Guilt by Association in High School Athletic Codes Must Include Common Sense

As is the case at times, a legitimate circumstance or situation arises, placing into question a “rule” or expectation a school has for its students―in this case, student athletes.

This circumstance can cause a shift in the thought process of the governing committee who oversees this rule. That shift can be so drastic that decisions are made which represent a complete pendulum swing in the opposite direction, demonstrating the loss of perspective on the original intent of that rule.

Such is the case in Milford, Massachusetts where a school district administration has moved away from a position where athletes were not allowed to attend functions―“parties”―where illegal substances―alcohol―are being consumed by minors.

A recent story in the Milford Patch, School Committee Relaxes No-Exceptions Policy for Athletes and Parties, details a situation where a student athlete who was attending just such a function called 911 because of their concern over a fellow student who had too much to drink.

The student athlete who made the call was later suspended from participating in their sport due to the “guilt by association” piece of the athletic code which states they are not allowed to attend parties where there are illegal activities going on. Because of this situation, the policy was revisited and the Milford School District subsequently changed it.

The assumption now is that student athletes can attend parties where underage drinking is taking place, without consequence, if they do not consume.

On the surface, especially based on this particular situation, it looks as if the governing committee has made a wise decision. When the health and safety of a student is at risk, there should be little to no consequence for one who takes the initiative to help them out.

That 911 call represents a mature, thoughtful, and caring choice. It is the kind of choice that can save lives; there is certainly no argument about that.

However, in my mind, there was no reason to completely throw out an expectation that holds student athletes accountable. Behavior that helps them strengthen character and achieve individual and/or team goals.

It is this type of situation (like the one that happened in Milford) that shows why rules cannot always be so black and white, only one way or the other. Just a sprinkle of common sense is all that is needed here.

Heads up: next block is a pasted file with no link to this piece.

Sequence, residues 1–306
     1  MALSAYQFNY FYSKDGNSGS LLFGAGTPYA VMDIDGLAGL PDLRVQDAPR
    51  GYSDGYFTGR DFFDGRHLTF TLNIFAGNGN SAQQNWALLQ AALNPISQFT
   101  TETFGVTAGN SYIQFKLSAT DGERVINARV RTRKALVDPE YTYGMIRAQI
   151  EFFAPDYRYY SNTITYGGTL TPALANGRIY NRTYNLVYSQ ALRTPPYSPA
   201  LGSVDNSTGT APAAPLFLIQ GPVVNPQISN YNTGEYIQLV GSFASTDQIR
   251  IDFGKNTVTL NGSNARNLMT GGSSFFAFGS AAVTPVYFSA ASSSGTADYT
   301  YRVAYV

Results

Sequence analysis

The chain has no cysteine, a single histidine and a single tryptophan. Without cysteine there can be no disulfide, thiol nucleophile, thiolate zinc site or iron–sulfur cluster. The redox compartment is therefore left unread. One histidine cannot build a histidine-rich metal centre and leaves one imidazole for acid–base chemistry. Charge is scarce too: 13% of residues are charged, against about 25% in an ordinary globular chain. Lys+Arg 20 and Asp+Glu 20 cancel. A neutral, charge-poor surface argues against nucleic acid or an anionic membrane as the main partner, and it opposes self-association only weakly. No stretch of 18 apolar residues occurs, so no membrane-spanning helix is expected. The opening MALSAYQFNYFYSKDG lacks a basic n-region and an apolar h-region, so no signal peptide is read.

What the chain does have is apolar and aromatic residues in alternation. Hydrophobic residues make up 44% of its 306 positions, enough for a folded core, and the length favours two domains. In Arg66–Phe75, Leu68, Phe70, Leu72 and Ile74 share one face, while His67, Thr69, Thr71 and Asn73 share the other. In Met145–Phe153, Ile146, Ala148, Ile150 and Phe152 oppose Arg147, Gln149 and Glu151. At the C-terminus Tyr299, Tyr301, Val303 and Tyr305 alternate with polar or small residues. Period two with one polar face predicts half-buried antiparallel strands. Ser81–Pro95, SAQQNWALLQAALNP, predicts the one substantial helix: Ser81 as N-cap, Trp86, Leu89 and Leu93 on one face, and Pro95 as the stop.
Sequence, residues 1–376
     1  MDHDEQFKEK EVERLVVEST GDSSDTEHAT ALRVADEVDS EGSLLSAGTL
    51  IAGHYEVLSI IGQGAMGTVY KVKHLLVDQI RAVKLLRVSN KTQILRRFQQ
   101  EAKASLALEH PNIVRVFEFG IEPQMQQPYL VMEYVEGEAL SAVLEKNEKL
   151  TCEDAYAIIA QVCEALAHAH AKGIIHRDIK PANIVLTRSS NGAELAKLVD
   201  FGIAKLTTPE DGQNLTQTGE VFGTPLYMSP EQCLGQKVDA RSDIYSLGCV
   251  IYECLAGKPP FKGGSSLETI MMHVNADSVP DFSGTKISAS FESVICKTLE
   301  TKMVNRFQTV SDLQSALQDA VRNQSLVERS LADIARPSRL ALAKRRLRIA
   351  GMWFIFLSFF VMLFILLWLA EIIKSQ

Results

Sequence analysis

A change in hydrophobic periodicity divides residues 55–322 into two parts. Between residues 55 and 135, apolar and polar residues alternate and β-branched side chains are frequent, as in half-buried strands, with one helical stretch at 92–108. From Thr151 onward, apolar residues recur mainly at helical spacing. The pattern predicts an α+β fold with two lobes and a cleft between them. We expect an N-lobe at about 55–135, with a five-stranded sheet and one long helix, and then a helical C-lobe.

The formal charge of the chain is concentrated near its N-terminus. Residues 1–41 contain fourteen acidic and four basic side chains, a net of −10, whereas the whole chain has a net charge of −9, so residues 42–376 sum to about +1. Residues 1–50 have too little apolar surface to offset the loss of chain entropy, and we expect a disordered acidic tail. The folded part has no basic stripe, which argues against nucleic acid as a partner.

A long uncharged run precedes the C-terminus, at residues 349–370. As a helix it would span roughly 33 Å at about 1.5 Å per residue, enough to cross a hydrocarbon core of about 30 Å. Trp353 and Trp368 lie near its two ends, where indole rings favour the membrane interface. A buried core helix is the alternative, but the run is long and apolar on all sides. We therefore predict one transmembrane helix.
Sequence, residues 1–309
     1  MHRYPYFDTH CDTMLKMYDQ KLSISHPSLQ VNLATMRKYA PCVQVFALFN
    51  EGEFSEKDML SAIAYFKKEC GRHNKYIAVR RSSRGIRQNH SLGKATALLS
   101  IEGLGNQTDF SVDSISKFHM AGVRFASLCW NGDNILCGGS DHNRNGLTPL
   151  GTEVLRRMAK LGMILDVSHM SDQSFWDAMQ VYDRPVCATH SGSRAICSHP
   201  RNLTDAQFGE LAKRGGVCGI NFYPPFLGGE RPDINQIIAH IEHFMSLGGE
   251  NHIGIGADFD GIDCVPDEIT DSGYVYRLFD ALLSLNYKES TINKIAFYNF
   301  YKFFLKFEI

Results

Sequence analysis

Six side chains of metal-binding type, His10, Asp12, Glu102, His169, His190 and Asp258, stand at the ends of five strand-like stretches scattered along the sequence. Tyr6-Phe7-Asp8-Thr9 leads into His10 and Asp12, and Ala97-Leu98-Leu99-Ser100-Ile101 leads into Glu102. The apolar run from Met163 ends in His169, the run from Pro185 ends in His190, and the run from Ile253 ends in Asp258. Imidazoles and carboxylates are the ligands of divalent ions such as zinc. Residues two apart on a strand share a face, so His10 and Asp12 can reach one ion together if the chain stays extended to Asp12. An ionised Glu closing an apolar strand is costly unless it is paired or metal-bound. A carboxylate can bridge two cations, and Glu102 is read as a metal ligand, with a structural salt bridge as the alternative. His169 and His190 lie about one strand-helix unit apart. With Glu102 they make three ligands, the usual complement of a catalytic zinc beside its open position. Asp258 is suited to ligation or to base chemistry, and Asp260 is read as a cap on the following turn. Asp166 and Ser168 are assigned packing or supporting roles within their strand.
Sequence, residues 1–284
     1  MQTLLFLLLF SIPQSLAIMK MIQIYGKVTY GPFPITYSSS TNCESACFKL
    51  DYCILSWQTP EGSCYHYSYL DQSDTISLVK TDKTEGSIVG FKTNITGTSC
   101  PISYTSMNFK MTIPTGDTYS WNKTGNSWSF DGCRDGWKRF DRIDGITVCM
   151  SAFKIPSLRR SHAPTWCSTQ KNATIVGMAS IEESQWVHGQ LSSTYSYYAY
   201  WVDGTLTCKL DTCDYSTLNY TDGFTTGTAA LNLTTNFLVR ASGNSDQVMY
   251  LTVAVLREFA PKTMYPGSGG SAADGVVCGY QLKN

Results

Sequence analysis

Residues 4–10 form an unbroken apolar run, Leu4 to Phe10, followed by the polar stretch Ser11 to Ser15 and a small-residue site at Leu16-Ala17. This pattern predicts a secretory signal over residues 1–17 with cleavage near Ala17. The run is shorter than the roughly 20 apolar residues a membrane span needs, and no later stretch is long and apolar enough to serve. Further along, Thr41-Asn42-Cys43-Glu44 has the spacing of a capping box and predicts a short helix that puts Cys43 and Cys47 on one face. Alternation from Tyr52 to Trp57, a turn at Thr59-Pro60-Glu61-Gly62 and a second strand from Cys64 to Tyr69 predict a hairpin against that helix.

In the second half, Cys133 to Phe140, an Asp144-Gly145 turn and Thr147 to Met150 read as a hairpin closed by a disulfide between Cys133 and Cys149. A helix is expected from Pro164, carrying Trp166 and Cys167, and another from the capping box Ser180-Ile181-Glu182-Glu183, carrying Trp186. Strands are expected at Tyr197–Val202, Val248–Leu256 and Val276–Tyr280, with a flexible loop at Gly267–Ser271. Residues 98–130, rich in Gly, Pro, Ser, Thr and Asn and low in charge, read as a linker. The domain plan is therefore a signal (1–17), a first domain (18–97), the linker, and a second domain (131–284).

In a situation where a student makes a positive choice that helps keep the health and safety of a fellow student (students) intact, then the normal consequence that put the reporting student in that particular circumstance should be waived. I don’t think anyone would claim “favoritism” in a situation like the one presented here.

Oh I do think there should be some strong conversations with the student about their attendance at such a party, along with a pat on the back for such a smart and tough choice to make that call, but suspension from their sport, not in this case.

What the Milford School District has accomplished with their change in stance is to open the door for athletes to blatantly attend these functions, and they will attend them, and a very high majority will drink at them.

From a student’s mind set (remember they are not adults yet and are not capable of thinking like adults), it is now OK to attend parties where there is alcohol being consumed by minors as long as you do not drink. Again, most all, if not all, will partake.

The problem, one many school districts have faced when trying to hold student athletes accountable for their “partying” is that (unless there is hard evidence) many students will show the same poor character decision that put them in this situation in the first place and just lie about their consumption.

I have been teaching a long time and, over my 32+ year career, I’ve seen a definite increase in the attitude that you have only done something wrong, or broken a rule, if you get caught. This, to me, is a problem.

Now I don’t want anyone to get the wrong idea here about this rule, the one where you are guilty by association if you attend functions where illegal activities are going on. There certainly is a lot of underage drinking going on almost every weekend in just about every community in the U.S., even in school districts who still have this expectation.

However, swinging the pendulum in the complete opposite direction is not necessarily a good solution as this piece of the athletic code does help, as it holds purpose for some student athletes and their families.

My take, keep the rule, just add a little common sense when applying consequence.

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